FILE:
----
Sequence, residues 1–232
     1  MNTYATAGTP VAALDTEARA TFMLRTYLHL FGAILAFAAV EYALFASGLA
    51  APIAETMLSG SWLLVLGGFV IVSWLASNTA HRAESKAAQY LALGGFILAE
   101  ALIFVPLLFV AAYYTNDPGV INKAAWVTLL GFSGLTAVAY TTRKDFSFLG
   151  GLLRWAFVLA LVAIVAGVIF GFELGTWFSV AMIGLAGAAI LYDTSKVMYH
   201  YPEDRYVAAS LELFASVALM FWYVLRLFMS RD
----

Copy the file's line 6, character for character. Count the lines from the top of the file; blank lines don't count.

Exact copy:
   201  YPEDRYVAAS LELFASVALM FWYVLRLFMS RD